The Most Diverse Cabinet in History

Before President Joe Biden was even sworn into office, he began nominating new members to his Cabinet. Biden’s Presidential Cabinet, which is made up of the vice president, 15 department heads, and eight additional executive positions, will be the most diverse Cabinet in the history of the United States if each of the nominees get confirmed by the Senate. According to The Washington Post, half of the Cabinet will be made up of women, and it will also be more racially diverse than former President Donald Trump’s previous Cabinet. In December 2020, Biden announced he and Vice President Kamala Harris plan to build a team of administrative leaders who accurately represent America, and now that Biden and Harris are officially in office, their promises can become reality.

As of January 24, 2021, two Cabinet members have already been confirmed by the Senate, including Gen. Lloyd Austin as the Secretary of Defense and Avril Haines as the National Intelligence Director. According to CNN, Austin was confirmed just two days after Inauguration Day, and he is the first Black person to hold the title of Secretary of Defense. Additionally, Haines is the first woman to be the nation’s National Intelligence Director. Chief of Staff Ron Klain and Special Presidential Envoy for Climate John Kerry did not need Senate confirmation to fulfill their roles.

According to a report from the Brookings Institute, Biden’s Cabinet includes more women than the Cabinets of the last six presidents. 33% of Biden’s Cabinet nominees are women, while only 13% of Trump’s previous Cabinet was made up of women. Vice President Harris is the first woman and first person of Black and South Asian descent to become vice president. Yet, Harris isn’t the only woman making history in Biden’s prospective Cabinet. Janet Yellen will be the first woman to become the Secretary of the Treasury, and Deb Halaad will be the first Native American Secretary of the Interior. Cecilia Rouse will be the first woman of color Chair of the Council of Economic Advisors, and Neera Tanden will be the first woman of color to be the Director of the Office of Management and Budget. Additionally, if confirmed, Katherine Tai will be the first woman of color to hold the title US Trade Representative. Other women nominated to Biden’s Cabinet include Gina Raimondo as Secretary of Commerce; Jennifer Granholm as Secretary of Energy; Marcia Fudge as the Secretary of Housing and Urban Development; Isabel Guzman as Small Business Administrator; and Linda Thomas-Greenfield as UN Ambassador.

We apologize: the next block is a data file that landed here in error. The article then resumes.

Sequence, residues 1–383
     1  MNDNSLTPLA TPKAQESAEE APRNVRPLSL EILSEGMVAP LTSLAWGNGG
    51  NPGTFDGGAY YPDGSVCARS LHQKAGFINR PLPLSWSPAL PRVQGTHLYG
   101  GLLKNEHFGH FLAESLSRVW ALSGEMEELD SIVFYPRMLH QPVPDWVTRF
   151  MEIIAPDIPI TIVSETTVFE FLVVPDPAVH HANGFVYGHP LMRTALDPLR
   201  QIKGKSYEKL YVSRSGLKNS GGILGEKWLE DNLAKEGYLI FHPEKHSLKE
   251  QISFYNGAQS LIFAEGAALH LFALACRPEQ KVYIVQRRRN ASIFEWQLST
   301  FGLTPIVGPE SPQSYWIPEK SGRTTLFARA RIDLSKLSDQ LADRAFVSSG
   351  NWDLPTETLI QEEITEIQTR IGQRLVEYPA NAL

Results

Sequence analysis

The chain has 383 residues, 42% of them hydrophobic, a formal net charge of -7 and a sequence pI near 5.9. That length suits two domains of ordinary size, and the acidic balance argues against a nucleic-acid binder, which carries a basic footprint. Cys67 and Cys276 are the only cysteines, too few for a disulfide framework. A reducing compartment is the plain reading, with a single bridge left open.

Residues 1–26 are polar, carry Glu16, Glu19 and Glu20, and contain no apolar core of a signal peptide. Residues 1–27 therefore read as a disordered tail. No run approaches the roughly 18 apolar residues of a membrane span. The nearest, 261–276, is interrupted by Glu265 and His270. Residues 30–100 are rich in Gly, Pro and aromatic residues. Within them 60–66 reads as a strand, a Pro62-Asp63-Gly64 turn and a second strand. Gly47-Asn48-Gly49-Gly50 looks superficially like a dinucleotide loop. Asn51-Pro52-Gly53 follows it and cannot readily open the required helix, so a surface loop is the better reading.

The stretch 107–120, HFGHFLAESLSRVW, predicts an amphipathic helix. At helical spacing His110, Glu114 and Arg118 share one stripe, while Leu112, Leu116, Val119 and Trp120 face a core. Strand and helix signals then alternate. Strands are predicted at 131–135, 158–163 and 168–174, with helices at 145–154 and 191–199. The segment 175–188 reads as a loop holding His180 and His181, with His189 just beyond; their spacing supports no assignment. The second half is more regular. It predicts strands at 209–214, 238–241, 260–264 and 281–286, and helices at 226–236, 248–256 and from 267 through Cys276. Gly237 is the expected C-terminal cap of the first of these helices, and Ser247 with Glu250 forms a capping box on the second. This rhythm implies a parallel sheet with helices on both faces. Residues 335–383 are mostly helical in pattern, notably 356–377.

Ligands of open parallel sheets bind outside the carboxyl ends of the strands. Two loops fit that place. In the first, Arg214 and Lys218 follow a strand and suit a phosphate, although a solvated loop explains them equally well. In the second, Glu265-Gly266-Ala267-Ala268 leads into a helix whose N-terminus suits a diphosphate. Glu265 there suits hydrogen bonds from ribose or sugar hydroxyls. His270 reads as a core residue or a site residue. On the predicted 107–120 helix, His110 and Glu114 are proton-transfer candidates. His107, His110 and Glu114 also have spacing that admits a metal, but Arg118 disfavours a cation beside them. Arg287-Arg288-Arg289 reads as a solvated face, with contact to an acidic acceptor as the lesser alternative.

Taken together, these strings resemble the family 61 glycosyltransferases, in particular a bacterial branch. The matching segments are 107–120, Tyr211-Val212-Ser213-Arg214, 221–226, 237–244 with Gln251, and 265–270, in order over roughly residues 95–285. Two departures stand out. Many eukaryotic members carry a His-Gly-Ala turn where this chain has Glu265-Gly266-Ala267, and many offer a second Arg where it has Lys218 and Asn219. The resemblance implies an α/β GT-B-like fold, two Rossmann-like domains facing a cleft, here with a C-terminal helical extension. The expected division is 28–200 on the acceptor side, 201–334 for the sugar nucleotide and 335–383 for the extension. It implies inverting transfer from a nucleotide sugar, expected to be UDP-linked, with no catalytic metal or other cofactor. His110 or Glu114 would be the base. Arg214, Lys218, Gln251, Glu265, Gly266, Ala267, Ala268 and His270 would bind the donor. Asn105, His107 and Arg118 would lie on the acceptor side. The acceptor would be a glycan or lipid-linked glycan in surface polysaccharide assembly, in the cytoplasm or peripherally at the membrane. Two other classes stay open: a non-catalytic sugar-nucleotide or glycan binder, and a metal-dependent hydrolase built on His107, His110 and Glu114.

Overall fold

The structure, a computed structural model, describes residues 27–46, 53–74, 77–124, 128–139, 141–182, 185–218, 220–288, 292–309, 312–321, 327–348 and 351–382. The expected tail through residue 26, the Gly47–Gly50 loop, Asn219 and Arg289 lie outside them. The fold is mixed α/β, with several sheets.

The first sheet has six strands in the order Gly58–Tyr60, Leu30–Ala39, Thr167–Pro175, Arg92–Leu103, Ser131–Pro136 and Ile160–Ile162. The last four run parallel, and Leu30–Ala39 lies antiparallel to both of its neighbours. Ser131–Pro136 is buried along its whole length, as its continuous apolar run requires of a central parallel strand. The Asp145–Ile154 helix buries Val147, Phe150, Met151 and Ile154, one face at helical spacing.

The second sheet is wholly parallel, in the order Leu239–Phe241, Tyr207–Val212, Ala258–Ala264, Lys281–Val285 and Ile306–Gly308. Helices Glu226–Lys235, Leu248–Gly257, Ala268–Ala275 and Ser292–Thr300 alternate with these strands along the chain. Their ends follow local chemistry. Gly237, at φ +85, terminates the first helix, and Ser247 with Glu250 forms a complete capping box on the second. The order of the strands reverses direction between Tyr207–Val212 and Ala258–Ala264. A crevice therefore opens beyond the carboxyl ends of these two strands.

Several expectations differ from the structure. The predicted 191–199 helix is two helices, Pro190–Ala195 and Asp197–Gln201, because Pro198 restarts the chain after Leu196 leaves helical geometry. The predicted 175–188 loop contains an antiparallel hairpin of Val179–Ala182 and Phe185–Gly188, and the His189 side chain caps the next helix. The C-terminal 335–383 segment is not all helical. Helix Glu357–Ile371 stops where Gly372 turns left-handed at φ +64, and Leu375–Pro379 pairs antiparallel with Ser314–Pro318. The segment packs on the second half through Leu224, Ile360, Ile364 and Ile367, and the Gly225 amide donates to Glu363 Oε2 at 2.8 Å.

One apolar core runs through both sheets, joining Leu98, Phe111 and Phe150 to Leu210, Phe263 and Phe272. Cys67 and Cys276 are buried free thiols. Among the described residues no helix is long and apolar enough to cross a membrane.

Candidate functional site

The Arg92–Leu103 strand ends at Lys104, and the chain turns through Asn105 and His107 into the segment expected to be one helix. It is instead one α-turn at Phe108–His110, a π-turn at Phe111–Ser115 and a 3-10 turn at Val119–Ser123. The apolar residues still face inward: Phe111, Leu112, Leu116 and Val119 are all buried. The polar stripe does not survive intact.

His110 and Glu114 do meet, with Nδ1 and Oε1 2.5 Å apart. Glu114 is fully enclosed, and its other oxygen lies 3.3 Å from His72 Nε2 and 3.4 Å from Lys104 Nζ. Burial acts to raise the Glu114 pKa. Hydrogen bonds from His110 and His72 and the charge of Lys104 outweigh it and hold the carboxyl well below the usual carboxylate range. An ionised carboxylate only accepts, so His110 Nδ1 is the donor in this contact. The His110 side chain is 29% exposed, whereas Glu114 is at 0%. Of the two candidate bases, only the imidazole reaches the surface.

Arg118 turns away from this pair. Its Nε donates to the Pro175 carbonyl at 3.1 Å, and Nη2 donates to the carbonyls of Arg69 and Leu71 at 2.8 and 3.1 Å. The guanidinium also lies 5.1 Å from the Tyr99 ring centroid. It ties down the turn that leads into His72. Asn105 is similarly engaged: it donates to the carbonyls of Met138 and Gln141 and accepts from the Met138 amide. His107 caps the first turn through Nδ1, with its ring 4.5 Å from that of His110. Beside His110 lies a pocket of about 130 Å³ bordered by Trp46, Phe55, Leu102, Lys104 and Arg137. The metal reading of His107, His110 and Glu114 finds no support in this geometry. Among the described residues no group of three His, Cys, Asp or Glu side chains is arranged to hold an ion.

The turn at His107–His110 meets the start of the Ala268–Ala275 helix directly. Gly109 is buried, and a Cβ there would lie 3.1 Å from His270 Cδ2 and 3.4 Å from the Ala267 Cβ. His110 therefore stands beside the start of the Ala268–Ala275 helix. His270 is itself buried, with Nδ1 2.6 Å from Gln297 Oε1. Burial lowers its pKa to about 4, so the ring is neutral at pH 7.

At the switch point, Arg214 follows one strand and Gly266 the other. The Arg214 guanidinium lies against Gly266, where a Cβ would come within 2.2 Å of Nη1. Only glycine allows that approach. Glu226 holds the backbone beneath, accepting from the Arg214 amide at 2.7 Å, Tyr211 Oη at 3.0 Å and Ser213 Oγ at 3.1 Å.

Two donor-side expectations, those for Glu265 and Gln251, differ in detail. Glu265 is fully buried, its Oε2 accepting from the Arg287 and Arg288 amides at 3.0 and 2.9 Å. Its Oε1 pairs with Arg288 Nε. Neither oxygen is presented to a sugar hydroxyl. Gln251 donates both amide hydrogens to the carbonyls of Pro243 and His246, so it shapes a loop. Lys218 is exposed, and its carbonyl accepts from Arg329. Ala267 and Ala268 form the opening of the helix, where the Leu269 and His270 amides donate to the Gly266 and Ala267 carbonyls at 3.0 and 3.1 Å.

Biden’s potential Cabinet is also significantly more racially diverse than Trump’s, but it is important to note that Biden’s Cabinet is not the most racially diverse Cabinet in history. The Brookings Institute found that 40% of Biden’s Cabinet is made up of non-white members, which is tied with former President Barack Obama’s Cabinet. Bill Clinton’s Cabinet is still the most racially and ethnically diverse with 43% non-white members. If confirmed, Xavier Beccera will be the first Latino individual to become the Secretary of Health and Human Services, and Alejandro Mayorkas will be the first immigrant and first Latino to be Secretary of Homeland Security. Michael Regan will also be the first Black man to be in charge of the Environmental Protection Agency. According to the Brooks Institute, Biden appointed the highest number of Latino individuals in comparison to the previous six presidents.

Although the nominations are significantly more inclusive, Biden’s Cabinet will contain predominantly Catholic individuals and a few Jewish individuals with only a handful of Baptists, Hindus, and Episcopalians collectively, according to The Washington Post. There is still a lack of religious diversity in the new Cabinet. Also, the average age of Biden’s nominees is 59, which is older than the average ages of the five previous Cabinets before Trump’s presidency. The youngest member of Biden’s Cabinet will be Pete Buttigieg, 39, and he will also be the first openly gay Cabinet secretary. According to PBS, many people, including Rep. Mark Takano of California, are disappointed in the lack of Asian American representation in the Cabinet.

It is also important to recognize that appointing more women and people of color to positions of power will only matter if Biden’s Administration prioritizes the wellbeing and the issues of communities of color and women. According to BBC News, women often combat social issues and policies that would have been ignored by a group of men. With a more diverse and a slightly more accurate representation of the American people in Biden’s Cabinet, we the people can only hope the actions taken by the incoming Cabinet will reflect our needs and priorities. While we can and should celebrate the representation in the prospective Cabinet, we should still recognize the changes that have yet to be made in the U.S.